1. Wikileaks Now Holds UK Postcode Database — the UK does not have open geodata in the way that we know it. A state-owned enterprise, Ordnance Survey, is responsible for maintaining all sorts of baseline data and they charge (through the nose) for that data. This is the release of 1,841,177 post codes, geographic boundaries, and more. Postcodes in the UK are far more useful than US ZIP codes–they identify a handful of houses, rather than a few thousand houses.
  2. My New Sense Organ — a strap with buzzers and a compass, so you always have physical reminder of orientation. For people like me who can get lost putting on pants in the morning, this would be a godsend. (via Slashdot)
  3. Saving is Obsolete — EtherPad adds a Wave-like replay feature to help you see the history of a document.
  4. Open Source 3D People — incredible software to design realistic 3D faces and bodies. (via glynmoody on Twitter)
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Four short links: 14 September 2009 Four short links: 14 September 2009

Four short links: 14 September 2009

NoSQL, Gov 2.0 Videos, Linux Conf, Geodata Grump

  1. WTF Is A Supercolumn? — Cassandra is a NoSQL database, a triplestore that scales superwell. Because it’s not the usual relational thing we’re accustomed to, the language can be a barrier to learning: ColumnFamily, SuperColumns, and more. This post explains what’s what, with examples. (via joshua on Delicious)
  2. Gov 2.0 Summit Videos — When I grow up, I want to be Clay Shirky, Tom Steinberg, and Carl Malamud. Some videos are up, others coming up soon–stay tuned for Carl’s, which received the only standing O of the show. [updated with link to Carl's talk when it was released]
  3. linux.conf.au Schedule Posted — bring the thunda down unda in 2010. The schedule was just released.
  4. Transport for London Does Not Like the Ordnance Survey — an Official Information Request yielded the Transport for London response to an Ordnance Survey “strategy consultation”. The OS should appoint an independent body to review their licence documents and pay them based on the number of words deleted. Sound advice too–OS have crippled the geospatial industry in the UK by charging for their (admittedly finely-detailed) data. (via mattb on delicious)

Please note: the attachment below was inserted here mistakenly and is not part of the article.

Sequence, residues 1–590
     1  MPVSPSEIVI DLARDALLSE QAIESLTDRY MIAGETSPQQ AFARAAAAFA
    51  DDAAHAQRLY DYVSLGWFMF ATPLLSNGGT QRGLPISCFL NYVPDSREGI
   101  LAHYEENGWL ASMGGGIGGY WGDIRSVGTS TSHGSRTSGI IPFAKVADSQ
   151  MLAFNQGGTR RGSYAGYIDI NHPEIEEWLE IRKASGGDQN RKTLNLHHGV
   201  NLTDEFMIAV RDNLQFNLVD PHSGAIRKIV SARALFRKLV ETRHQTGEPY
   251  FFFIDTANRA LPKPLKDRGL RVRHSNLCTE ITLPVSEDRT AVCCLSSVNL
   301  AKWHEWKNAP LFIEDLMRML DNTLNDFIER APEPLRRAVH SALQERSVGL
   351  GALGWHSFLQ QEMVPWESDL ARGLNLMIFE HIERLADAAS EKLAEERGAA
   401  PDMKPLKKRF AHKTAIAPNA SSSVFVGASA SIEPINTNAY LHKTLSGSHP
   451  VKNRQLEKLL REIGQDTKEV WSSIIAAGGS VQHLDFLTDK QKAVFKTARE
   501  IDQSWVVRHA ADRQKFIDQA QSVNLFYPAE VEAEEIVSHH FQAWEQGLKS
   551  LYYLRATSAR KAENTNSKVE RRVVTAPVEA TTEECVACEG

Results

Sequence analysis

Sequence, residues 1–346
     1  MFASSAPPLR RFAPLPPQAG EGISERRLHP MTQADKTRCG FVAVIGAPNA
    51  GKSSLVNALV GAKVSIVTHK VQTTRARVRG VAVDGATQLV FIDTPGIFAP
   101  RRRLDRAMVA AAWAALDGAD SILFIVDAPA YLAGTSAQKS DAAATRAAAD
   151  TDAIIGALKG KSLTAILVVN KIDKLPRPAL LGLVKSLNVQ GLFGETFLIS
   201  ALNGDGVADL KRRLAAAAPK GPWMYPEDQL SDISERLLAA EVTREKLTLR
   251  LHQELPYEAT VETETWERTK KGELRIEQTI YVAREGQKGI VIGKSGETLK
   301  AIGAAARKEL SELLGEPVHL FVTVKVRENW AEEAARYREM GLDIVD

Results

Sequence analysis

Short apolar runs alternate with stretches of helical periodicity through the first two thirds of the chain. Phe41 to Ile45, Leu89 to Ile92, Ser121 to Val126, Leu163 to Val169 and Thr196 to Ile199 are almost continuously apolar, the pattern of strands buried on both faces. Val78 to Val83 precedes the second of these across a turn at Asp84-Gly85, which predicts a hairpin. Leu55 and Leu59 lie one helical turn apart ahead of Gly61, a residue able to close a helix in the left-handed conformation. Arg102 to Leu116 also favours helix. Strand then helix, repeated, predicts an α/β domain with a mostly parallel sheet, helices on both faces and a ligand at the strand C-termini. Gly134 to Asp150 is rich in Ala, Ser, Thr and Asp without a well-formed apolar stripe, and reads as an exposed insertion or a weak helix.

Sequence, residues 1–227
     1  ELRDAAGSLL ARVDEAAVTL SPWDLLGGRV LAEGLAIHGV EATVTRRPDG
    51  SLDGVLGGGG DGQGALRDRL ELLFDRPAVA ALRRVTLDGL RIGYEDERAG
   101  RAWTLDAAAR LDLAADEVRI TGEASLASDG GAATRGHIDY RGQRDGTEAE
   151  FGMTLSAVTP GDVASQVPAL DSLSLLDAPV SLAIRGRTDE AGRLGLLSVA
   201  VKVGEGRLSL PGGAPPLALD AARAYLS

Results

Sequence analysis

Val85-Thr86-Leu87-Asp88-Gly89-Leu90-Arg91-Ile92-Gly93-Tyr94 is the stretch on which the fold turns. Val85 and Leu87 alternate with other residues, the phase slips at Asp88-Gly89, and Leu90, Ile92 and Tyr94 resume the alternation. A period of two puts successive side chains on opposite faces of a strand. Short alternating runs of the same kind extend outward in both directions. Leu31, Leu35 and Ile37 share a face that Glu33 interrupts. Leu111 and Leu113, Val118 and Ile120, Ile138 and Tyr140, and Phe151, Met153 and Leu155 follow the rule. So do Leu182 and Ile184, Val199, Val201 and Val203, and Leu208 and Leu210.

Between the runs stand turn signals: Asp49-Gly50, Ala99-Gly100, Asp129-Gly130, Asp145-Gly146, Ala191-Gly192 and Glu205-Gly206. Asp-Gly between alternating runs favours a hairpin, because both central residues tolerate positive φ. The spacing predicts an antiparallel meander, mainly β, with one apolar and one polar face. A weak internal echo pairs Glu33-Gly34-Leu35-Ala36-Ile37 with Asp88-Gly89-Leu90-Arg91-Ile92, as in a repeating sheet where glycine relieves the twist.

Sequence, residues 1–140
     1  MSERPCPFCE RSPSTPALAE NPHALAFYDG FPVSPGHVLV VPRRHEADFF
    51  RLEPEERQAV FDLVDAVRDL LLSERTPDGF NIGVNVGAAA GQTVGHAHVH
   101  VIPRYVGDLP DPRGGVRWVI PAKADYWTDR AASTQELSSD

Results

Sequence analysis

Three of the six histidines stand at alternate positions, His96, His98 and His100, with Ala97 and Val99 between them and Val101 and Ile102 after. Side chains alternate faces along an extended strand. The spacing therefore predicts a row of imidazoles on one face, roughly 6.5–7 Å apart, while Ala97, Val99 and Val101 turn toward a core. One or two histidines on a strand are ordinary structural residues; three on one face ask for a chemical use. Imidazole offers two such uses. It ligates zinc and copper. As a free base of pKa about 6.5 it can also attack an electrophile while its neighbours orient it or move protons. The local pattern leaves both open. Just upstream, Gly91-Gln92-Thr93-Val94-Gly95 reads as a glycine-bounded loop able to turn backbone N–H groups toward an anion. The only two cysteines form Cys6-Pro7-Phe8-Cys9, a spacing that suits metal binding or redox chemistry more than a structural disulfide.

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Four short links: 10 September 2009

Four short links: 10 September 2009

Hacktivism, Gov 2.0 Futures, Local Geodata, Cassandra Terminology

  1. A Political Startup (Aaron Swartz) — inside account of his grassroots activism efforts, with clever strategies he used to get the outcomes he wanted. A couple months later, frustrated that Norm Coleman wouldn’t drop his spurious legal challenges against Al Franken being named a Senator, we started NormDollar.com. We asked people to donate a dollar each day Norm Coleman didn’t drop out of the race, money we’d spend electing progressive candidates. It was featured on Hardball and throughout the political press. We also videotaped Norm’s donors’ reactions when we told them about the program. But my favorite was when we presented Norm with a big novelty check for him to sign, representing all the money he’d raised for progressives. Now we had money too.